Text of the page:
The Turbo was never the most tactile car in the 997 range, but the underlying sensations from its hydraulic steering still beat the 991’s EPAS. It’s surprisingly close, but there is just a richness to the movements, particularly around the straight-ahead, that the electric system can’t match. The Turbo’s four-wheel-drive system, on the other hand, is a mixed blessing, for while it provides the astounding traction that makes 479lb ft deployable even on a road that resembles a river, it also locks the car down dynamically in the corners. Outright grip is favoured over adjustability. In some ways the new Carrera is very similar – yes, the 991 feels purer because it’s rear-wheel drive, but it also feels remarkably tied-down. It is precise and enjoyably nimble with a huge amount of front-end grip, but, like the Turbo, it’s not a car you will unsettle without some real commitment. Even the rides are not dissimilar, both best left in their normal PASM damper settings. 

Perhaps it shouldn’t be a surprise that these two are so closely matched, but which you would prefer will come down to the importance you put on an interior and how you like your performance delivered. Do you crave the heady rush of a single big hit, or the sharper responses and more linear delivery of the new engine? The old car certainly highlights how un-turbo-like the new car feels, as though the turbocharging is really just there to subtly torque-fill the lower end.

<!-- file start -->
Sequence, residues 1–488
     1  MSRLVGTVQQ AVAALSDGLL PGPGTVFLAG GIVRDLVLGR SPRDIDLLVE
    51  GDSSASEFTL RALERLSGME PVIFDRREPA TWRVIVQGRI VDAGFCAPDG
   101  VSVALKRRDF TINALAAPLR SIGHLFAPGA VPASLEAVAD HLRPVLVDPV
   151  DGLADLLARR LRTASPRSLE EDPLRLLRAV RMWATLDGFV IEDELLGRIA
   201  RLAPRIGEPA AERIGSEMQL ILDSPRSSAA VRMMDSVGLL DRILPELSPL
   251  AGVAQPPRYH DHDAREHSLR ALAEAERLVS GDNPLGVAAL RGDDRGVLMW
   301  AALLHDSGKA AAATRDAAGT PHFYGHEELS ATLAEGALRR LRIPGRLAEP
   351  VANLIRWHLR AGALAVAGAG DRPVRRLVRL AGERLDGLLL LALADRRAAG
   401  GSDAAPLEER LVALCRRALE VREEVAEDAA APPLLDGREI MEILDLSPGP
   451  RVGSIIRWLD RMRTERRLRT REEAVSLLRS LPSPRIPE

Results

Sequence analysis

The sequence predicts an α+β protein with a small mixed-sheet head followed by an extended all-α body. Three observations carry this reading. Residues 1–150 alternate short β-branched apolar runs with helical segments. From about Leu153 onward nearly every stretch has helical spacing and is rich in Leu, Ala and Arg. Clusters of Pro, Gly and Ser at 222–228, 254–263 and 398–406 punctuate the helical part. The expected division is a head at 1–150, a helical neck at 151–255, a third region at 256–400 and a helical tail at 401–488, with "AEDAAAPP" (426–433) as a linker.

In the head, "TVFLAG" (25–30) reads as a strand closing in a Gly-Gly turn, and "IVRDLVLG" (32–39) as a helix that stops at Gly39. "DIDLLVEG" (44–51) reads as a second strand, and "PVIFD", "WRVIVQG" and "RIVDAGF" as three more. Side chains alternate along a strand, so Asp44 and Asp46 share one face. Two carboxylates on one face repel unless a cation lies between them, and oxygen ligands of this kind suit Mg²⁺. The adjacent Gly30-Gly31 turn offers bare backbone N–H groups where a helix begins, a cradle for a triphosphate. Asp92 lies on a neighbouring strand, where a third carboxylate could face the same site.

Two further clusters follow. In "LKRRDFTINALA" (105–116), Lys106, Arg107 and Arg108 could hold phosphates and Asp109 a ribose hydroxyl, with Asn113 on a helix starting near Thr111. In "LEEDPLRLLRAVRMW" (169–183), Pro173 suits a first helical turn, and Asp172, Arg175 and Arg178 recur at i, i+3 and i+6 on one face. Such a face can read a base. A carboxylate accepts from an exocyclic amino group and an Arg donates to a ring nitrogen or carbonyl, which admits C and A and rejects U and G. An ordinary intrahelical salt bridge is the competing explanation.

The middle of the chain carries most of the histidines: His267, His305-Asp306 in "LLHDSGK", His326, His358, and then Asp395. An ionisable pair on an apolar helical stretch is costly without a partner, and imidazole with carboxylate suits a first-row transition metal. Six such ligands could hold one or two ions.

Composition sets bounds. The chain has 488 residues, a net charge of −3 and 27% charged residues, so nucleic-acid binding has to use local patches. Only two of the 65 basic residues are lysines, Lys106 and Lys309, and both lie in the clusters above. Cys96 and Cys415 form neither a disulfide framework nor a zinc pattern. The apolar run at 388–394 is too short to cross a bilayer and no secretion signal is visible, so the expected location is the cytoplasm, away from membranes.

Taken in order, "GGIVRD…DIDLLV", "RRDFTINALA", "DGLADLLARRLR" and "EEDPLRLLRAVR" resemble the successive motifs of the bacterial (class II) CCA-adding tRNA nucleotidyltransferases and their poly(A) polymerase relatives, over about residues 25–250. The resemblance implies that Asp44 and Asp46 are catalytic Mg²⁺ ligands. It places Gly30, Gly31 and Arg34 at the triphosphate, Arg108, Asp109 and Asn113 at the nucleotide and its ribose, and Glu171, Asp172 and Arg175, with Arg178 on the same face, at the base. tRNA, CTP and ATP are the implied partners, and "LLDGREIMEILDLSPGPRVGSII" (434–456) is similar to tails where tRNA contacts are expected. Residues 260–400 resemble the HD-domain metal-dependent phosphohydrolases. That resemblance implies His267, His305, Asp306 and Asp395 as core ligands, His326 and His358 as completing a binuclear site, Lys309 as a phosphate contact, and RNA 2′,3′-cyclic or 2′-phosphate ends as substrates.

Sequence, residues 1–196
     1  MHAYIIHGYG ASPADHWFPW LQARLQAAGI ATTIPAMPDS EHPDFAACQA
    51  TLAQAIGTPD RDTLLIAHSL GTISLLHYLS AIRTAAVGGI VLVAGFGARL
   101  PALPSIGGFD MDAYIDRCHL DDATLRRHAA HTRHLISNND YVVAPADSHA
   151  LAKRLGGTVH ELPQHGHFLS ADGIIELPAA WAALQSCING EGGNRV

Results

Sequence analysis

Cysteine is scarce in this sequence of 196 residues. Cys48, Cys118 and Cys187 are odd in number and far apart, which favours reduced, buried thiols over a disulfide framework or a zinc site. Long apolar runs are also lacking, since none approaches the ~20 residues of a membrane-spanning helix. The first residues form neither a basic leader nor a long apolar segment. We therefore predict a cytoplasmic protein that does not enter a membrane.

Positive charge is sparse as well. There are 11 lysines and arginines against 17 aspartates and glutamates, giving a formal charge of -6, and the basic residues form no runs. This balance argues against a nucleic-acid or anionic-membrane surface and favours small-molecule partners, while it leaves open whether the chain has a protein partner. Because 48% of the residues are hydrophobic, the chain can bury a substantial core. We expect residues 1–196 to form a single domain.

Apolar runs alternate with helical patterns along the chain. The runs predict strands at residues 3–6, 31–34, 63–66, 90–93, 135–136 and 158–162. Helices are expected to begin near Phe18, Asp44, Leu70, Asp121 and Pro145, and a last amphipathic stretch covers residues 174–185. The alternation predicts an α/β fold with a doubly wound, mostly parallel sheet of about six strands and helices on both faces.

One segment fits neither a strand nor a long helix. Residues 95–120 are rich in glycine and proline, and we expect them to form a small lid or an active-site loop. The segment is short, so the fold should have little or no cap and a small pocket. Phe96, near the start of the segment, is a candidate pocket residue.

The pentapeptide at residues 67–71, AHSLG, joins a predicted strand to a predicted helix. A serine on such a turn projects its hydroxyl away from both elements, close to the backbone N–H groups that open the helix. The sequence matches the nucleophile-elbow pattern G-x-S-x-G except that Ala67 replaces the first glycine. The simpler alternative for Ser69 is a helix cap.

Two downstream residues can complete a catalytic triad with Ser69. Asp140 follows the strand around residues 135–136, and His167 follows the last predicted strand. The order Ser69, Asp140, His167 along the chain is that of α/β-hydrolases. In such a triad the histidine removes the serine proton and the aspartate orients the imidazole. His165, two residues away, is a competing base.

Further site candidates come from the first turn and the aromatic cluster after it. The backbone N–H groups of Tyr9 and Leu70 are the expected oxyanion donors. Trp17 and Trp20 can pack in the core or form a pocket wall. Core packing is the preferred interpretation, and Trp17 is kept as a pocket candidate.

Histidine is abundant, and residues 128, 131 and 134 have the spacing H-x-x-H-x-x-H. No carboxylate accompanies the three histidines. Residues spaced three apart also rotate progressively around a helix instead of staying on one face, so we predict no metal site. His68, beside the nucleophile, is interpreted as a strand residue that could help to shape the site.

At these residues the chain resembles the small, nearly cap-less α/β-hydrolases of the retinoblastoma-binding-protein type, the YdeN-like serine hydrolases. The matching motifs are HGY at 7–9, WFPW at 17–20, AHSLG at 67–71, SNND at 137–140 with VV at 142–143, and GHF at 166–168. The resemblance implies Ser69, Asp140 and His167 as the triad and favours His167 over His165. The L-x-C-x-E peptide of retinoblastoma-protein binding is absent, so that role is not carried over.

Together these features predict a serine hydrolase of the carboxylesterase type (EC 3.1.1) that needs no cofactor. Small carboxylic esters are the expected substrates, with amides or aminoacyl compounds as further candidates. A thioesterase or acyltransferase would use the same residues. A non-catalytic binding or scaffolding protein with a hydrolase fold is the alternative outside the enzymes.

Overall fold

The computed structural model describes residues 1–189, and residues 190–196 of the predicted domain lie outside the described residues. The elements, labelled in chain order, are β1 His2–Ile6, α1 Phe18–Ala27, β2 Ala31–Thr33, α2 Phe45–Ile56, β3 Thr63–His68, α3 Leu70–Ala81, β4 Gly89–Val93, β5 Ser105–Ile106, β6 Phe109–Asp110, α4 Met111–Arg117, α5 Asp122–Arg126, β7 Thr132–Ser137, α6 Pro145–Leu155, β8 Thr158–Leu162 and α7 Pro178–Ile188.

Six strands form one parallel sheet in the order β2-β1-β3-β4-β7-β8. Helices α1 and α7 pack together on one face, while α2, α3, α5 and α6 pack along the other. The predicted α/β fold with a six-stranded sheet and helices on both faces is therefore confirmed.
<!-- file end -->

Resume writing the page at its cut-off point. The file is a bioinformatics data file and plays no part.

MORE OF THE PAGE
However, as an aside (and just to throw a spanner in the works!) the Turbo that I’ve found myself lusting after recently is a late gen-1 997, with the second-generation Porsche Communication Management and a manual gearbox. It was a more malleable car dynamically and the manual gearbox, although hefty, gave it a lot of character. They’re quite rare, but that just adds to the appeal. Richard is in agreement, but confesses that the PDK of this generation was a must for him for its ease of use, as he’s not the only one who drives the car. Talking of manual gearboxes…